DALLAS, June 30, 2022 /PRNewswire/ — Is reaching the American Dream possible? According to the results of a recent survey by the National Financial Educators Council (NFEC), just over half of Americans still believe they will become financially independent at some point in their life.
The survey, which was conducted between June 18 and 23, 2022, measures people’s feelings and attitudes toward money and level of confidence when making financial decisions. Adults around the US were asked to rate how much they agree with the statement, "I will become financially independent at some point in my life." Response choices were "Strongly agree," "Agree," "Neutral (I neither agree nor disagree)," "Disagree," or "Strongly disagree."
The findings show that the hope for financial independence is still alive among Americans: out of 1,506 respondents, 55.4% responded either "Strongly agree" or "Agree" to this question. Only 16.5% said they felt they would not reach financial independence in their lifetimes. The remaining 28.1% responded "Neutral," indicating that they may be on the fence about this important issue.
Learn the full results here: https://www.financialeducatorscouncil.org/financial-independence-survey/.
These survey results represent some good news in an era of inflation and economic upheaval. Apparently, as people deal with employment uncertainty, a changing workplace environment, skyrocketing prices, and debt stress, many remain optimistic about the equity of opportunities available to them for securing their futures.
On the flip side, however, the findings also demonstrate that there’s room for improvement in Americans’ confidence levels around money management. "The American Dream is rooted in the belief of a better life and optimism for the future, and the data from this survey shows that many Americans feel that dream is attainable," says Vince Shorb, CEO of the NFEC. "However, it also indicates that many have given up hope for financial independence. This serves as a reminder of the ongoing need for advocacy to educate those who otherwise see little or no chance of ever achieving financial independence."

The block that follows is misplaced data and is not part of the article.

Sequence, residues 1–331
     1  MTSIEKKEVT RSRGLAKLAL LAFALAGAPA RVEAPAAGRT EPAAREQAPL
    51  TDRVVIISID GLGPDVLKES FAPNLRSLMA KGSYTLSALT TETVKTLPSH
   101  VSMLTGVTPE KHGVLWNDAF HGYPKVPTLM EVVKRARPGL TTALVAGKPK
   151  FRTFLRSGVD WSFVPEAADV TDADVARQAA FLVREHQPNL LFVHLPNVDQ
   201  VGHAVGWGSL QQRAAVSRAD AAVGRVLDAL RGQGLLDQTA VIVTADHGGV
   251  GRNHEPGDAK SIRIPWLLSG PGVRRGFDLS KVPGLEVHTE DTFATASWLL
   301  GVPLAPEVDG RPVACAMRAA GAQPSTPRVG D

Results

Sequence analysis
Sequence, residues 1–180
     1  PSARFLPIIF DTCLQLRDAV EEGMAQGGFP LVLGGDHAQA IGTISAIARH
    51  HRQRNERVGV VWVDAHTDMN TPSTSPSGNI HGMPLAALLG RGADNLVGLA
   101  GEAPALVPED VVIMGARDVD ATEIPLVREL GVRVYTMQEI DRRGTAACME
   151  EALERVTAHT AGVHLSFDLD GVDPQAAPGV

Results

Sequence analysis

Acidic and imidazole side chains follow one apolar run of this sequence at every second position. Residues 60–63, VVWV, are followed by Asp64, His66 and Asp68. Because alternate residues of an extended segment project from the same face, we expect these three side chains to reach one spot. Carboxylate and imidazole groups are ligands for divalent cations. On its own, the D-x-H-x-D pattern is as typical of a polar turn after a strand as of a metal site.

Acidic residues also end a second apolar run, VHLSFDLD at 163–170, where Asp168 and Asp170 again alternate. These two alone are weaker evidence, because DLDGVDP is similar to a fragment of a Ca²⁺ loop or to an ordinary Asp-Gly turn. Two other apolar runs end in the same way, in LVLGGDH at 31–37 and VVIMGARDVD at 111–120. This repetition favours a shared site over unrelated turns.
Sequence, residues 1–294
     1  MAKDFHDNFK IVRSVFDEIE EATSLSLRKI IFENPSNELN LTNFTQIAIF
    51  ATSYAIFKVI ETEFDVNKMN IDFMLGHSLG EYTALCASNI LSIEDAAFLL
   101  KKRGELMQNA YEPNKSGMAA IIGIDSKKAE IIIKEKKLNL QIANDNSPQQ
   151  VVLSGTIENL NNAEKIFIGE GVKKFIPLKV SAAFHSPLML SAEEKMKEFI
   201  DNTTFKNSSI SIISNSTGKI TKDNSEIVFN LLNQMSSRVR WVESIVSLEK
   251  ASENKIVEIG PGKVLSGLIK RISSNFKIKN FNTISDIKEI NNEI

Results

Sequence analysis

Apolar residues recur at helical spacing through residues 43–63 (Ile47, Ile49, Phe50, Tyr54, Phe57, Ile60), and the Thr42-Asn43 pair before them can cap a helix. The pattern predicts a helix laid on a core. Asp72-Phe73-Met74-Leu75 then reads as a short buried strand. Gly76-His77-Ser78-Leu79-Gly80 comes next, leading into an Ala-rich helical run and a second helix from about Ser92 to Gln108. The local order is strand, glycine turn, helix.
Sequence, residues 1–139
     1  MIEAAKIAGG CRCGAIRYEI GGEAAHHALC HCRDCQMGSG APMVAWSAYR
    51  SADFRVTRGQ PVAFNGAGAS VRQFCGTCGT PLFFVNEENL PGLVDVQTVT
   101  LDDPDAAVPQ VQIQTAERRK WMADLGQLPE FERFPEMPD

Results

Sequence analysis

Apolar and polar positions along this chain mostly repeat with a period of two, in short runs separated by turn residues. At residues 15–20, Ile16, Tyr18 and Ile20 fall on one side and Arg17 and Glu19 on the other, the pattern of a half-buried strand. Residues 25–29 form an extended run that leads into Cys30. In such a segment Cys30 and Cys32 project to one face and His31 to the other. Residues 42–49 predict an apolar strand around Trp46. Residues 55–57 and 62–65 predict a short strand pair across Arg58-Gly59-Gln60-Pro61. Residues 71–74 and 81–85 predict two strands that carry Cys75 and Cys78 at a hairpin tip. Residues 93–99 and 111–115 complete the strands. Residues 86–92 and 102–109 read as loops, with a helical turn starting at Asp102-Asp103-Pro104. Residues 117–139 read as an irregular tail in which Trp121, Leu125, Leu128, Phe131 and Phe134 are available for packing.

Some people’s pessimism toward being able to reach financial independence may be related to how the term is defined. Financial independence has been described in various ways, as laid out in this article: https://www.financialeducatorscouncil.org/financial-independence-definition/. According to one definition, you’ve reached financial independence when you accumulate enough wealth to pay your expenses for the rest of your life. Another definition says it refers to the moment when a young adult no longer has to rely on financial support from parents. This wide disparity between definitions may influence a person’s perceptions about the ability to reach a financially independent position.
Regardless which definition we choose, the results of this survey raise both hope for the American Dream and concern about the financial capabilities of future generations. Americans need solid, practical financial education to build their confidence and optimism toward reaching financial independence. This Independence Day, fourth of July, the NFEC encourages people to define what financial independence means to them and identify the steps that will help them work toward that goal.
The National Financial Educators Council is a social enterprise organization that recently received status through the International Accreditors for Continuing Education and Training (IACET) as an Accredited Provider (AP), the highest accreditation designation for financial education program development.
The NFEC develops tools, training, and resources that support organizations and individuals to build financial wellness at the community level. The organization is dedicated to conducting financial literacy research to gain a deeper understanding of personal finance topics and provide the industry with data and professional perspectives to guide this important movement.
SOURCE National Financial Educators Council